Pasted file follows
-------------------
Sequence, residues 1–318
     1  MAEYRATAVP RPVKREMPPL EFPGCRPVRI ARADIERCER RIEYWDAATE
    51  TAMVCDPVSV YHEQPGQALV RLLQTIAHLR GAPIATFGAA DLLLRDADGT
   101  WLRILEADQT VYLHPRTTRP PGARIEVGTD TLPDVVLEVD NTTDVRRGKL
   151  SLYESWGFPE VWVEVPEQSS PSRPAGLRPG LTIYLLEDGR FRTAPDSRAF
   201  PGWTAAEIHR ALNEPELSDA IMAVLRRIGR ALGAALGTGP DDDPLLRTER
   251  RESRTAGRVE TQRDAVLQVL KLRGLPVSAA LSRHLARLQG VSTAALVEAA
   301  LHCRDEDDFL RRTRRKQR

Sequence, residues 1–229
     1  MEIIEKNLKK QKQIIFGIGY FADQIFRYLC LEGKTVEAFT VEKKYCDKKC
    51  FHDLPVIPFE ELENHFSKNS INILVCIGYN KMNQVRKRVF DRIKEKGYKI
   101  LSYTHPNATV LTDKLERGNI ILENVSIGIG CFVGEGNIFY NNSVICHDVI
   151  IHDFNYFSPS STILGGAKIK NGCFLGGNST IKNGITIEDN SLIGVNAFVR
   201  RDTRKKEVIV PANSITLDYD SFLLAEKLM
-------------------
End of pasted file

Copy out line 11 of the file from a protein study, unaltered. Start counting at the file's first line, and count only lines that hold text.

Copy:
    51  FHDLPVIPFE ELENHFSKNS INILVCIGYN KMNQVRKRVF DRIKEKGYKI